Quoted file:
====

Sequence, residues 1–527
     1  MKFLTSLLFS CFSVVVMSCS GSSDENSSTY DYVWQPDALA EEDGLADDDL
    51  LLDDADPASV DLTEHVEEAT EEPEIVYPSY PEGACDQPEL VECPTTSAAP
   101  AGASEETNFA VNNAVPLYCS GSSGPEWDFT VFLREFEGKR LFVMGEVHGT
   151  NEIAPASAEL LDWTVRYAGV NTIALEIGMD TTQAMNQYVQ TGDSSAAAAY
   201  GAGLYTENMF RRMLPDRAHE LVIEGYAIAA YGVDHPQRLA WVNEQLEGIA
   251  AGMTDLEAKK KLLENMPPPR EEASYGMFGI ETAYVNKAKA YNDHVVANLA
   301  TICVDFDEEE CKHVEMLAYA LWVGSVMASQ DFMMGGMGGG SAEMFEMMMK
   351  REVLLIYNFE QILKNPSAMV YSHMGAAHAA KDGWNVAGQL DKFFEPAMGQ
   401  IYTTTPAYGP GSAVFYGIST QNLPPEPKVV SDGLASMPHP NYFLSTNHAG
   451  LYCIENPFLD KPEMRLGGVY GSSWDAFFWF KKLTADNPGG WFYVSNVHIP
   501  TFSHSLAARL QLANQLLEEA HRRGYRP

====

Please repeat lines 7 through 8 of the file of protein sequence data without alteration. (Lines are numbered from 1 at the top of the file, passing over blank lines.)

   251  AGMTDLEAKK KLLENMPPPR EEASYGMFGI ETAYVNKAKA YNDHVVANLA
   301  TICVDFDEEE CKHVEMLAYA LWVGSVMASQ DFMMGGMGGG SAEMFEMMMK